Treasure Trove of Jurassic Fossils Discovered in England

by johnsmith

Paleontologists have unearthed the fossilized remains of ancient fish, marine reptiles, squids, rare insects and more in a farmer’s field in Gloucestershire, England.

The 183-million-year-old fossilized skull of Pachycormus. Image credit: Dean Lomax.

The 183-million-year-old fossilized skull of Pachycormus. Image credit: Dean Lomax.

“The site is quite remarkable, with numerous beautifully preserved fossils of ancient animals that once lived in a Jurassic sea that covered this part of the UK during the Jurassic,” said Dr. Dean Lomax, a paleontologist at the University of Manchester.

“Inland locations with fossils like this are rare in the UK. The fossils we have collected will surely form the basis of research projects for years to come.”

The newly-discovered paleontological site, which is located at Court Farm, Kings Stanley near Stroud, Gloucestershire, was discovered by fossil collectors Sally and Neville Hollingworth.

The fossils are approximately 183 million years old, corresponding to the Toarcian age of the Jurassic period.

“These fossils come from the Early Jurassic,” said Sally and Neville Hollingworth.

“The clay layers exposed at this site near Stroud have yielded a significant number of well-preserved marine vertebrate fossils that are comparable to the famous and exquisitely preserved similar fauna of the Strawberry Bank Lagerstätte from Ilminster, Somerset.”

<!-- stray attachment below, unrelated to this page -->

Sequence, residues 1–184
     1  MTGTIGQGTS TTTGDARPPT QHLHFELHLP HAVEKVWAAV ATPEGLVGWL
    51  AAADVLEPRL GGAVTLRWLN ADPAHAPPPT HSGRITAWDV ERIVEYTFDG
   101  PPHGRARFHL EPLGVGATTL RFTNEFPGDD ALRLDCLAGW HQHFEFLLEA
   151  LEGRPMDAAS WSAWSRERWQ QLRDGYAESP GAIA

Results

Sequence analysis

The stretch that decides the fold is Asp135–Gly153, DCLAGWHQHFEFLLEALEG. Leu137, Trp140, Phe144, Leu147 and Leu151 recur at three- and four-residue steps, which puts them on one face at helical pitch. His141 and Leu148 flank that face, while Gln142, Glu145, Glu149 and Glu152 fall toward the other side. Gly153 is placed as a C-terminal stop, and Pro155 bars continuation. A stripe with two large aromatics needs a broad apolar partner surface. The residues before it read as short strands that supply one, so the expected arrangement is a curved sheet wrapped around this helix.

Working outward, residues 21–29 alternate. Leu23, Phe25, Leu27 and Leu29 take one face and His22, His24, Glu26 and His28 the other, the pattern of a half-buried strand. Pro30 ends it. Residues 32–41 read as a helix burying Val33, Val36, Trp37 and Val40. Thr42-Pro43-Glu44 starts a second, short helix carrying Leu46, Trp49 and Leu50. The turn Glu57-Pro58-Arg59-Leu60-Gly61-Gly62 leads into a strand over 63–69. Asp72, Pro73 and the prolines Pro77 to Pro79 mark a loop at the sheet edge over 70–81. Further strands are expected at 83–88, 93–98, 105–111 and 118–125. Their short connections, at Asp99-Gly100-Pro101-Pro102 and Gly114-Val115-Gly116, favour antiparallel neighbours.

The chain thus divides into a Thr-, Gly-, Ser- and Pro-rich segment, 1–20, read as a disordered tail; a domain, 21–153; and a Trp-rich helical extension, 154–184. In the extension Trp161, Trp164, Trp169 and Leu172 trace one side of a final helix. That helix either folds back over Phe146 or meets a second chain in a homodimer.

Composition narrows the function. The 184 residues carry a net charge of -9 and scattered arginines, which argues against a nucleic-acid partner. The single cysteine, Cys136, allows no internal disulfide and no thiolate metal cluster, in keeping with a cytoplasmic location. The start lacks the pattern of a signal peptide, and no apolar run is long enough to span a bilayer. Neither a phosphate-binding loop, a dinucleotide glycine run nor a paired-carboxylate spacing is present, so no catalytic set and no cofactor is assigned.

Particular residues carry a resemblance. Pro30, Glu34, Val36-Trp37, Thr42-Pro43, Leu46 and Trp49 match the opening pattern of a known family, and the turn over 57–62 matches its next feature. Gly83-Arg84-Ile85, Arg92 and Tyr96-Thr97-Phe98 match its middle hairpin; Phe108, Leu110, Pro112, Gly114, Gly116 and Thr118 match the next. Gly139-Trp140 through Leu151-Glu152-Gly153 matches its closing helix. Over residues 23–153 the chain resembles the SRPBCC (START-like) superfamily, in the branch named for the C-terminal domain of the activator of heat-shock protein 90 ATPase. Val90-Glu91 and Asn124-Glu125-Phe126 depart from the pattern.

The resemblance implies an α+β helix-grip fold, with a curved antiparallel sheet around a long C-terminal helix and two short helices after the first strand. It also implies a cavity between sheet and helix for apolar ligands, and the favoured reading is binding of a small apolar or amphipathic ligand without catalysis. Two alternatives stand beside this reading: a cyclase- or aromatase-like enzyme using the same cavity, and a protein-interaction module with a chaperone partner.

“Excavations at Kings Stanley over the last week have revealed a rich source of fossil material, particularly from a rare layer of rock that has not been exposed since the late 19th century.”

“I’m delighted that after the initial work that Sally and Nev did over three years ago we now have a full-scale dig on the farm,” said landowner Adam Knight.

Among the best finds were several fossil fish with excellent details of their scales, fins and even their eyeballs.

One of the most impressive discoveries was a 3D preserved fish head, belonging to Pachycormus, a species of pachycormiform ray-finned fish known from the Early Jurassic of Europe. The fish looks as if it is ‘leaping off the rock’ that it was contained inside.

“Using the latest fossil preparation and imaging techniques to understand this unique fauna in more detail will create a rich repository,” said Neville Hollingworth.

“Also, we will leave a permanent reference section after excavations have concluded.”

“Given the location and enthusiasm from the landowner and local community to be involved it is hoped to plan and develop a local STEM enrichment program as there will be opportunities for community groups and local schools to be involved in the research, particularly from the Stroud area with a focus of targeting audiences in areas of low STEM capital.”

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